K. Interspecific Associations/Exclusions. Allen and Neill (1949) discuss hybrids with other members of the P. glutinosus complex.
During a drift-fence survey of steephead ravines in the Apalachicola and Ochlockonee River drainages, southeastern slimy salamanders were captured with one-toed amphiumas (Amphiuma pholeter), Apalachicola dusky salamanders (Desmognathus apalachicolae), southern two-lined salamanders (Eurycea cirrigera), three-lined salamanders (E. guttolineata), four-toed salamanders (Hemidactylium scutatum), eastern newts (Notophthalmus viridescens), mud salamanders (Pseudotriton montanus), and red salamanders (P. ruber; Enge, 1998).
Historically, southeastern slimy salamanders were found with southern dusky salamanders (Desmognathus auriculatus) at Devil’s Millhopper State Geological Site, Alachua County, Florida (Dodd, 1998). However, most known populations of southern dusky salamanders within the range of southeastern slimy salamanders are now extirpated (Means, 2001b).
In Alabama, southeastern slimy salamanders have been observed in the burrows of Red Hills salamanders (Phaeognathus hubrichti) along with the following salamanders: southern two-lined salamanders, three-lined salamanders, and eastern newts (Brandon, 1966b; Dodd, this volume). Seal salamanders (Desmognathus monticola) are common at some Alabama sites with southeastern slimy salamanders (Brandon, 1965b).
L. Age/Size at Reproductive Maturity. The holotype is an adult female, 49.9 mm SVL. Allen and Neill (1949) mention a series of their 20 largest specimens, which average 53.7 mm. The smallest mature female from Florida was 45 mm, the smallest mature male was 37 mm (Highton, 1956).
Maturity in female southeastern slimy salamanders is more closely related to age than size. Females do not mature until they are 2 yr old and cannot lay eggs until they approach the age of 3. Female southeastern slimy salamanders have an annual breeding cycle (Highton, 1956, 1962b).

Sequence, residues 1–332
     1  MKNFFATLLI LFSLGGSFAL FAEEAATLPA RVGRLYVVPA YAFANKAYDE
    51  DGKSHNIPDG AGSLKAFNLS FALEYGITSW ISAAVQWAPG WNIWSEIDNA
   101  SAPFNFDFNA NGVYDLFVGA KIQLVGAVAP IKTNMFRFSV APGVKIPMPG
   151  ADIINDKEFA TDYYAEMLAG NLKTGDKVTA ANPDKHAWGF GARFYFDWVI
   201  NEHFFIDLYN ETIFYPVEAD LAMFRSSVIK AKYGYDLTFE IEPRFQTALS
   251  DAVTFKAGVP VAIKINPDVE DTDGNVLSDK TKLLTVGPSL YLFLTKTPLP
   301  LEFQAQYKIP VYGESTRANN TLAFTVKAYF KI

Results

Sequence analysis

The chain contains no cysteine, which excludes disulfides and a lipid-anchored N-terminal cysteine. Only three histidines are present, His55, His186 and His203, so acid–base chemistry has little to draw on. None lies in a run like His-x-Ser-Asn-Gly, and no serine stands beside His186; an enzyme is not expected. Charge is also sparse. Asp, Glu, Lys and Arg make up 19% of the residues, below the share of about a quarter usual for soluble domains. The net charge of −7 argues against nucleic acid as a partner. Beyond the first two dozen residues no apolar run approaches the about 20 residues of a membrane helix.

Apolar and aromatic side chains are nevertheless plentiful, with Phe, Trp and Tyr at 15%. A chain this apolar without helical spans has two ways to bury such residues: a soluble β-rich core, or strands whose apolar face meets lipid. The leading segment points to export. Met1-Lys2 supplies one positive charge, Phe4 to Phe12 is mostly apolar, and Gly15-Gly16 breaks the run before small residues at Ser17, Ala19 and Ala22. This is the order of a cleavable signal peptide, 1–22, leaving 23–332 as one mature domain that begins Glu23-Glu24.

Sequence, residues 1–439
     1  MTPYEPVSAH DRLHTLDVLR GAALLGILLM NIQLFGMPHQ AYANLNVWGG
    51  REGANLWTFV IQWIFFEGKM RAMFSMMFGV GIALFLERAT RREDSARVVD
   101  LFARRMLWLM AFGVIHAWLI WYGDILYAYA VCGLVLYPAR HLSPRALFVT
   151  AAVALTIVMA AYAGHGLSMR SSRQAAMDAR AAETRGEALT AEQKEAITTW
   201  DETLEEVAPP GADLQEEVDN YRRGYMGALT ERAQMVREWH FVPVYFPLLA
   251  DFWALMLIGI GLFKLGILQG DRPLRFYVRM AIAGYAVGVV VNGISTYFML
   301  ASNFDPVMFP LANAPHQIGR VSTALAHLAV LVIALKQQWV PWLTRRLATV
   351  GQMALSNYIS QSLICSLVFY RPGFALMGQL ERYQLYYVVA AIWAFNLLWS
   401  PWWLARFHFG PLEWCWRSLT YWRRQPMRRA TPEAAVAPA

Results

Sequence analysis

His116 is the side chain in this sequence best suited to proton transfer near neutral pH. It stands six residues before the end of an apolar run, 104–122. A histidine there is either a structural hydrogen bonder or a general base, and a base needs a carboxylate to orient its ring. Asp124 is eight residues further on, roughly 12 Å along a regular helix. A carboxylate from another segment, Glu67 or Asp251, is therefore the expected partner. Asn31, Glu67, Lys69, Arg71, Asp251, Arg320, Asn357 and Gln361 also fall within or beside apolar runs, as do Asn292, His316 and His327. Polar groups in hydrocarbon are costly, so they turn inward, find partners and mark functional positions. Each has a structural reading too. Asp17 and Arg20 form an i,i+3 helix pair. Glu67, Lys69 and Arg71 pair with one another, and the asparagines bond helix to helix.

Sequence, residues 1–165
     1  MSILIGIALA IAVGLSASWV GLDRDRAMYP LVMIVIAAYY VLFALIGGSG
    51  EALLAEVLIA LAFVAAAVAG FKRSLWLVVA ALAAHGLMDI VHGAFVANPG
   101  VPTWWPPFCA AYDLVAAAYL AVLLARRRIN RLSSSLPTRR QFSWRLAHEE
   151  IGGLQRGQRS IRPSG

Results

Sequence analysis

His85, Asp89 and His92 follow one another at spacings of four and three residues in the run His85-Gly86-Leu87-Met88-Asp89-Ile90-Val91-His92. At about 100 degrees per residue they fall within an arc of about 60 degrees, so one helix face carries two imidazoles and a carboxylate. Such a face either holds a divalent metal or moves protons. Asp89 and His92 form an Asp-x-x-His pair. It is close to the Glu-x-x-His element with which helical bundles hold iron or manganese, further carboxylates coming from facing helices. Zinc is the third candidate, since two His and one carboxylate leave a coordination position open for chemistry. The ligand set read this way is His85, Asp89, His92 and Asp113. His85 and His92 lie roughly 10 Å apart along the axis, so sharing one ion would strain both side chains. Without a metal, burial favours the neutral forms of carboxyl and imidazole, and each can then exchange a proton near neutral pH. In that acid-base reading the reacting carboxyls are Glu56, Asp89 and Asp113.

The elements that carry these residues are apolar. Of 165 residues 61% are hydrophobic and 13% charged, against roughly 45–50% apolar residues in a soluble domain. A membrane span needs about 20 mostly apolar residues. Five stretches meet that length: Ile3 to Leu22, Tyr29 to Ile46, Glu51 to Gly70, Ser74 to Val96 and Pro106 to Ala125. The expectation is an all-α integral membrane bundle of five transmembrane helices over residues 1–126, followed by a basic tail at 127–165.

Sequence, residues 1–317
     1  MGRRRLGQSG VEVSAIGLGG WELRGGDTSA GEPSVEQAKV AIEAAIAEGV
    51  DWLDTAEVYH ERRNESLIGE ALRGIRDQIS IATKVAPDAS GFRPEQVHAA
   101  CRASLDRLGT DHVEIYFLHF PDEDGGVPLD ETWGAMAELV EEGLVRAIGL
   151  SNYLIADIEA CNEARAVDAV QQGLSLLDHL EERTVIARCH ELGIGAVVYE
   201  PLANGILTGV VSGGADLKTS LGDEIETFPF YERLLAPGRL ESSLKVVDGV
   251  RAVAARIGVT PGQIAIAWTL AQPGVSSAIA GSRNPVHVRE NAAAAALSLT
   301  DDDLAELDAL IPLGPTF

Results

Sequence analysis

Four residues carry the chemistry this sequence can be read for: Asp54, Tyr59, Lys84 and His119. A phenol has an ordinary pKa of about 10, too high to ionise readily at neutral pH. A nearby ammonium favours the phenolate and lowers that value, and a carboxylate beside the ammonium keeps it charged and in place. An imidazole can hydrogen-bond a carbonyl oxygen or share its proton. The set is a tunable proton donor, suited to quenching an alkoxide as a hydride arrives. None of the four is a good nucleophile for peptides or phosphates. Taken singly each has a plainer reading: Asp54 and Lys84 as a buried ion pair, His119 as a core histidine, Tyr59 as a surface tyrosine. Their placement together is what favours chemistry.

Male southeastern slimy salamanders generally mature when they are 2 yr old, though some large individuals may mature when they are 1 yr old and breed at age 2. Many maturing 1-yr-old males do not produce functional spermatozoa, but instead undergo an abortive sexual cycle in which the maturing sex cells degenerate. These males do not breed until the age 3. Male southeastern slimy salamanders breed annually (Highton, 1956, 1962b).
M. Longevity. Unknown.
N. Feeding Behavior. The stomach contents of thirteen southeastern slimy salamanders from Alabama contained snails, millipedes, spiders, phalangids, beetles, Hymenoptera (mainly ants), and miscellaneous insect larvae (Brandon, 1965b).
O. Predators. Undocumented, but likely to include forest snakes, birds, and small mammals.
P. Anti-Predator Mechanisms. Members of the Plethodon glutinosus complex produce large amounts of skin secretions that have an adhesive component (Brodie et al., 1979). Individuals will vocalize when physically disturbed (Highton, 1956).
Q. Diseases. Unknown.
R. Parasites. Unknown.
4. Conservation. Southeastern slimy salamanders are not protected in any of the states within their range. Among members of the P. glutinosus complex, southeastern slimy salamanders have one of the widest distributions. Within this range there are several federal and state properties that contain suitable habitat for these salamanders.
Southeastern slimy salamanders are relatively resilient to disturbances, such as those associated with timbering operations, and are frequently found in second-growth forests and relatively small, fragmented woodlots (Lazell, 1994; D.A.B., personal observation).
As with all species of Plethodon, southeastern slimy salamanders do not migrate or have large home ranges. Thus, they can exist in habitats of smaller size than many other amphibian species. However, there may be a minimum size habitat necessary, as they are absent from small wood lots (Lazell, 1994). Conservation activities that promote mature closed-canopy forests should benefit this species.
Acknowledgments. Thanks to Richard Highton, who reviewed this account and gave us the benefit of his insight and experience.
1David A. Beamer
2Michael J. Lannoo
Literature references for Amphibian Declines: The Conservation Status of United States Species, edited by Michael Lannoo, are here.
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Citation: AmphibiaWeb. 2017. <http://amphibiaweb.org> University of California, Berkeley, CA, USA. Accessed 21 Sep 2017.